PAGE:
Aug. 01, 2020 – NASA Sees New Tropical Storm Sinlaku Form Before a Quick Landfall
NASA’s Aqua satellite obtained visible imagery of a newly developed tropical storm in the South China Sea, the same day it was forecast to make landfall.
Tropical Storm Sinlaku formed in the South China Sea, within the Northwestern Pacific Ocean basin on Saturday, August 1 at 5 a.m. EDT (0900 UTC). At that time, the storm was centered near 18.9 degrees north latitude and 108.4 degrees east longitude, about 174 nautical miles north of Da Nang, Vietnam. Sinlaku was moving to the west-northwest at 15 knots (17 mph/28 kph) and had maximum sustained winds 35 knots (40 mph/~65 kph).
The Moderate Imaging Spectroradiometer or MODIS instrument that flies aboard NASA’s Aqua satellite captured a visible image of Tropical Storm Sinlaku Aug. 1. The Aqua image showed Sinlaku formed near Hainan Island and appears to have a large circulation. Satellite imagery was generated using NASA’s Worldview product at NASA’s Goddard Space Flight Center in Greenbelt, Md.
In addition to the visible imagery, forecasters used animated enhanced infrared satellite imagery that showed fragmented deep convective banding over the western semicircle with a large low-level circulation center.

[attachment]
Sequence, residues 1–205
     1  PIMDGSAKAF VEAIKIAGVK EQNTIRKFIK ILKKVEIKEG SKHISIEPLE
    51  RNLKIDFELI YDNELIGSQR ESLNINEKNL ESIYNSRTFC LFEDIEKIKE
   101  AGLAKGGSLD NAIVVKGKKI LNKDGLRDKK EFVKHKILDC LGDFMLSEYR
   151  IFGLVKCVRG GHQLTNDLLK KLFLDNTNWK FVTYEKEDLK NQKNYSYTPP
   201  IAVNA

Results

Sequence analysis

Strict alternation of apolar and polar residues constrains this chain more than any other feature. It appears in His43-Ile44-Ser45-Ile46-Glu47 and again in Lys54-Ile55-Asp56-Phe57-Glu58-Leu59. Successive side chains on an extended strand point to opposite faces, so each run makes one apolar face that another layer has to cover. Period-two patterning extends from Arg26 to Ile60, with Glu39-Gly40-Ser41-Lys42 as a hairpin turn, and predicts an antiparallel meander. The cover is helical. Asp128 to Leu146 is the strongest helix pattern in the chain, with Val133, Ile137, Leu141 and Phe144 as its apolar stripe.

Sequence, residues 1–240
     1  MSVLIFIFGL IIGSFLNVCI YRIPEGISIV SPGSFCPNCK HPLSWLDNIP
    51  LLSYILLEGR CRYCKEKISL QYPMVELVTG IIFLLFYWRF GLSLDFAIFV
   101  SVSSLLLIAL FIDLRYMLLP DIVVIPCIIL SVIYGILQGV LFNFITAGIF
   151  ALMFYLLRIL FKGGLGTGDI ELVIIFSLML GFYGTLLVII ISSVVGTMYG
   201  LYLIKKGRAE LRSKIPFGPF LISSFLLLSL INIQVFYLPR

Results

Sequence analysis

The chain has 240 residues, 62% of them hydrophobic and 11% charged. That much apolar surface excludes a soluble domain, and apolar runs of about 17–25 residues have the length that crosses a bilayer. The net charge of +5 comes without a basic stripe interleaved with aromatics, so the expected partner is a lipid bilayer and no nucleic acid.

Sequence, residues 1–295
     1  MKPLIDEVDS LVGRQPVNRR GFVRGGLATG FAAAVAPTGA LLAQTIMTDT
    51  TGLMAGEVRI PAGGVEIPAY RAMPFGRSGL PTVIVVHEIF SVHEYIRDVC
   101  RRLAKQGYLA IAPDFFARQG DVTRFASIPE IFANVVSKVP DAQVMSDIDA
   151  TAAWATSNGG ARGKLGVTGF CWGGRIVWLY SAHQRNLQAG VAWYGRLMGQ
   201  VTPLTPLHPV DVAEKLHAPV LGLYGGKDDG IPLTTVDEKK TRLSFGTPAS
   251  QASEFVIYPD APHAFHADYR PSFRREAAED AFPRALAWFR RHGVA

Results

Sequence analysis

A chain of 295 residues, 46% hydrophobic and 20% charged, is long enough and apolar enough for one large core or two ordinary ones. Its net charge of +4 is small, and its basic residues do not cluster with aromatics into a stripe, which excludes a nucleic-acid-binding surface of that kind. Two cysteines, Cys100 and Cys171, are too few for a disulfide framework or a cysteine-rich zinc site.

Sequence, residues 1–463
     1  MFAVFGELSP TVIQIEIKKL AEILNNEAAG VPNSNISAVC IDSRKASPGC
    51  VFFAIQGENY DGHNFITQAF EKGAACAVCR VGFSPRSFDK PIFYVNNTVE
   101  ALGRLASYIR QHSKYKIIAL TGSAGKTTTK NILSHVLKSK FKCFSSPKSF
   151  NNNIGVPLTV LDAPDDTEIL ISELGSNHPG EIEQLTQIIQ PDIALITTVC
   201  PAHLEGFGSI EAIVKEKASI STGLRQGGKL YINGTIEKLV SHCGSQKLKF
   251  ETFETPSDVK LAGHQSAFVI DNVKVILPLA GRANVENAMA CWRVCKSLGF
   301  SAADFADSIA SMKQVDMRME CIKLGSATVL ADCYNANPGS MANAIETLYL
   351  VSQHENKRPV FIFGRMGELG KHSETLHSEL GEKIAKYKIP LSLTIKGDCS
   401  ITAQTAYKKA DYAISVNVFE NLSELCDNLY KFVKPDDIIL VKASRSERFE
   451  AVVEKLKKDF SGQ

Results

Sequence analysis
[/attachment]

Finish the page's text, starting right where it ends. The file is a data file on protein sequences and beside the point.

The Joint Typhoon Warning Center said that the storm will make landfall in northern Vietnam later today.
About NASA’s Worldview and Aqua Satellite
NASA’s Earth Observing System Data and Information System (EOSDIS) Worldview application provides the capability to interactively browse over 700 global, full-resolution satellite imagery layers and then download the underlying data. Many of the available imagery layers are updated within three hours of observation, essentially showing the entire Earth as it looks “right now.”
NASA’s Aqua satellite is one in a fleet of NASA satellites that provide data for hurricane research.
Tropical cyclones are the most powerful weather event on Earth. NASA’s expertise in space and scientific exploration contributes to essential services provided to the American people by other federal agencies, such as hurricane weather forecasting.
For updated forecasts, visit: www.nhc.noaa.gov